Wow it was actually a Conservative who brought up the idea of a vote with regards to the future of the Senate. I did not know that until now.
I was studying this in my undergrad years taking a Poli Sci degree specializing in constitutional law. Premier Bill Bennett was pushing for Senate reform along with a new constitution.
Calls for significant Senate reform began to be heard in the mid-1970s. Trudeau was making the case for constitutional reform, highlighted by a charter of rights. At the time, B.C.'s Bennett promoted a new model for the Senate, which he called the "House of the Provinces" in which provincial governments would choose senators to act as their delegates to the central government. (My note - this proposal in fact came from Bennett's constitutional advisor Mel Smith).
The idea had some support from both sides — but for different reasons. Trudeau, the advocate of a strong central government, felt that a senate made up of provincial representatives might actually weaken the authority of the provincial premiers.
At the time, Canada was undergoing significant demographic shifts. The populations — and economic clout — of Alberta and B.C. were growing much faster than Quebec's. Quebec still held 24 Senate seats while Manitoba, Saskatchewan, Alberta and B.C. held a combined total of 24.
By 1979, opposition to Trudeau's vision of a regionally enhanced Senate scuttled any notion of reform — as well as efforts to change the constitution. However, Bennett's proposal did serve to revive the idea of Senate reform.
Alberta was next to look at what to do with the Senate. Trudeau's National Energy Program had angered Albertans and then-premier Lougheed was looking for ways to keep Ottawa from intruding into his province's affairs.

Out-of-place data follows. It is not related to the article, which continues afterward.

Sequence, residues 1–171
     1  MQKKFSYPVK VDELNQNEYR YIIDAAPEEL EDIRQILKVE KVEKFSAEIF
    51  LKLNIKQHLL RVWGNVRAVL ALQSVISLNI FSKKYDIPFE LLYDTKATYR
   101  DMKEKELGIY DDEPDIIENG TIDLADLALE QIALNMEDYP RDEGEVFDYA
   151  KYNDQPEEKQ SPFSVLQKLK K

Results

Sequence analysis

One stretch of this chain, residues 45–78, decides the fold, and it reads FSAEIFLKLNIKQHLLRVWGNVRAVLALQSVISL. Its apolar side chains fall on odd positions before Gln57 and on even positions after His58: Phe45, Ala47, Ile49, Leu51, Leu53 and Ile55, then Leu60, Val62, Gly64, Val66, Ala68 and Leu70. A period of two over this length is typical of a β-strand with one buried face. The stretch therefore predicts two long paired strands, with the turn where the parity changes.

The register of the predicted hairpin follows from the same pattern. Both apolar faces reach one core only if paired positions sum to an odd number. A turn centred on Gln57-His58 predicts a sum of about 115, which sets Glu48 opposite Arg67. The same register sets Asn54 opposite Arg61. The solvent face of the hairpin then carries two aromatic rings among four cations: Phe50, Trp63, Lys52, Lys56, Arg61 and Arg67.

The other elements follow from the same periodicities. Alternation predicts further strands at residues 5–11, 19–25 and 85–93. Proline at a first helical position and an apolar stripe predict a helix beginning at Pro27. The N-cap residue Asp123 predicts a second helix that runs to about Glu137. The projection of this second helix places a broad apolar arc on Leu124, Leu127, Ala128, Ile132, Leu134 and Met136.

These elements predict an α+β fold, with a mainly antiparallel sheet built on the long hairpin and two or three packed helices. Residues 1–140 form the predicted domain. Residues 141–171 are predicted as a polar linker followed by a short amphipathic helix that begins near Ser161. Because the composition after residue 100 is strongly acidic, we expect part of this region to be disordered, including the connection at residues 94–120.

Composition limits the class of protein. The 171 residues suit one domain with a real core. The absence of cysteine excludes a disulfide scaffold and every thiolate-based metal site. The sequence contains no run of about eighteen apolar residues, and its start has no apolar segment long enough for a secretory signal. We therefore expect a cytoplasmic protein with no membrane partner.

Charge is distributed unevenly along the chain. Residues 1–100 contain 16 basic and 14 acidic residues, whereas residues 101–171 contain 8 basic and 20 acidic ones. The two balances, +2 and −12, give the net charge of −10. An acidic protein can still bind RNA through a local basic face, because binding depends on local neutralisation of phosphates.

Lougheed established a task force to look at ways of reforming the Senate and its recommendation was for the direct election of senators — and an equal number of senators for each province, like the American model.
The task force didn't get much attention in the rest of Canada, but an equal and elected Senate became a rallying cry for many Albertans.
Triple-E and Meech Lake
Then came the Meech Lake accord. It contained a provision that would have changed the way senators are selected. When a Senate vacancy came up, the prime minister would pick a name from a list submitted by the province where the vacancy arose.
As Meech was coming together, Preston Manning was turning his Western populist movement into the Reform Party. Part of its platform was a Triple-E Senate: elected, equal and effective, the latter meaning that an elected Senate would have close to the same powers as the House of Commons.
The Charlottetown accord contained more wide-ranging proposals for Senate reform.
Among the proposals were: an elected Senate — either by popular vote or election by members of provincial or territorial assemblies; six senators from each province and one from each territory; and guaranteed aboriginal representation in the Senate. In addition, the Senate could not defeat the government on a motion of confidence or block the routine flow of legislation relating to taxation, borrowing and appropriation. The accord also said senators should not be eligible to hold cabinet positions.
The reforms would never come to pass, doomed by the accord's rejection in the 1992 national referendum.
The constitutional squabbles, however, did not stop individual provinces from acting.
In 1989, a Senate seat became vacant in Alberta. The provincial government held an election among candidates who wanted the seat. Stan Waters won. A year later, Mulroney — who was still looking for provincial support in ratifying the Meech Lake accord — appointed Waters to the Senate.
Waters died a year later. His vacancy was eventually filled by Prime Minister Jean Chrétien the way prime ministers had always appointed senators.
In fact, it would be almost 20 years before another elected senator would join the chamber. Bert Brown, a longtime champion of Senate reform, took the most votes in Alberta's 2004 Senate election and was appointed in April 2007 by Stephen Harper.
Alberta and B.C. eventually passed legislation that provided for Senate elections. (The B.C. law, however, had a sunset provision and eventually expired.) Saskatchewan introduced legislation to that effect in November 2008.http://www.cbc.ca/ne...ate-reform.html
Edited by Wetcoaster, 25 January 2013 - 04:39 PM.